of business would is to target well in front and upriver of the subsurface
obstruction. Make a mental note that the areas directly in front of large
boulders have the ability to hold fish. Placement is critical at this
point. The necessary steps need to be made to orient the terminal tackle
offering first. In a perfect world, feathering the resistance and trotting
down river and into the area, the fish will take notice of only the
offering. Attempt to match the subsurface speeds and by doing so, give the
trout an extra second or two to inspect your solicitation. Hit this area a
few times to be sure you’ve covered it well. You may wish to try stalling
the offering almost completely before allowing it to dip into this area.
Bring it up off the bottom or dropping it from the top of the water column
down may be all the aggravation the trout can stand and thus result in a
The next phase will involve the bubble lines forming the “V” off the rear of
the structure. Remember that there are likely two general areas that may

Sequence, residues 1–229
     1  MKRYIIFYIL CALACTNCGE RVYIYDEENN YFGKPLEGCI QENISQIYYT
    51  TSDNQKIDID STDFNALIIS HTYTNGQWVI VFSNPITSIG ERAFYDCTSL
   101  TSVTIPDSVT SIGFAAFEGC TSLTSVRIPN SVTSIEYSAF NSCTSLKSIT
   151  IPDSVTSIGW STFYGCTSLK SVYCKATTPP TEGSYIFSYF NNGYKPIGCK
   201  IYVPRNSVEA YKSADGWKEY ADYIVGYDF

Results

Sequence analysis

have fish concentrations in this example. Two seams with bubbles streaming
behind the submerged object permit two lanes of feeding. Target the outside
of the closest seam to your position. Insert your
terminal tackle within
the flows well above the intended area and feather
the spool to bring the float just outside (inside to your position) of the
bubble line. Attempt to “wash” or “slide” the offering into the bubble
line. Seek to expose the trout hidden within the slower eddies behind the
boulder to only the offering. The float may orient itself tip facing
upstream and toward your position. This is OK, just be aware that the
strike may turn the float sideways into the rear of the rock. After
targeting the inside bubble line, focus your attention to the very outside
of the far seam. If the casting position is close enough, this will pose